The Economist Intelligence Unit has produced a really interesting survey of democracy in the world (in PDF format).
It confirms my worry that political participation is horribly low in the UK, much lower than in any similar country. I suspect Denmark’s score is dragged down by the lack of separation of church and state.
The survey splits democracy into five separate categories:
- Electoral process and pluralism
- Functioning of government
- Political participation
- Political culture
- Civil liberties
I extracted the data and did some analysis of my own. The strongest correlation seems to be between (1) and (5) – that is, electoral process and pluralism are closely tied to civil liberties. A somewhat less strong correlation is found between (2), (3) and (4) – that is, the functioning of government, political participation and political culture are all linked together.
On the other hand, the weakest correlation is between (1) and (4) – that is, electoral process and pluralism are fairly independent of political culture.
This means that one can very roughly split the world’s governments into four groups, based on two axes, (1)+(5) vs. (2)+(3)+(4):
- Countries like Angola, Central Africa, Chad, Djibouti, Equatorial Guinea, Guinea, Guinea-Bissau, Libya, Myanmar, North Korea, Saudi Arabia, Togo, Turkmenistan and Uzbekistan which score low in all regards.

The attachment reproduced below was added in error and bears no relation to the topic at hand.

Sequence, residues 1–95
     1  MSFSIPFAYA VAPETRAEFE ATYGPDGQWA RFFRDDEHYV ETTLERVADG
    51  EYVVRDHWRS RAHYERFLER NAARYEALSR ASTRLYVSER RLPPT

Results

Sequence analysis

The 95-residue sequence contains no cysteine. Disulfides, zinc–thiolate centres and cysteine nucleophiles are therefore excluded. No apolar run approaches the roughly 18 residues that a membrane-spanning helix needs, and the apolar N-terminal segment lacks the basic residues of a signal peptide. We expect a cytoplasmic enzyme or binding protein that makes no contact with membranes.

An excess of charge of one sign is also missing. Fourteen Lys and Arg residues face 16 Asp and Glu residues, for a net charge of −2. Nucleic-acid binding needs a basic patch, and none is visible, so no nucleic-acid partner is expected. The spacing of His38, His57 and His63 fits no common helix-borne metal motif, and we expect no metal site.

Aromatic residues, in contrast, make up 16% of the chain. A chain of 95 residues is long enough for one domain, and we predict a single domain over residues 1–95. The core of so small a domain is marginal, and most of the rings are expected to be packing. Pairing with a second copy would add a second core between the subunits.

- Countries like Bosnia and Hercegovina, Dom Rep, Ecuador, Georgia, Ghana, Haiti, Liberia, Malawi, Nicaragua, Niger and Russia which technically are democracies and have some civil liberties, but where there are big problems with the functioning of government and with political participation and culture.
- Countries like Cambodia, China, Ethiopia, Gambia, Kenya, Madagascar and Mozambique which are very far from being pluralistic democracies and are low on civil liberties, but which nevertheless have functioning governments and a certain degree of political participation and culture.
- Countries like Australia, Austria, Canada, Denmark, Finland, Germany, Iceland, Ireland, Luxembourg, Netherlands, New Zealand, Norway, Sweden and Switzerland which do well in all respects.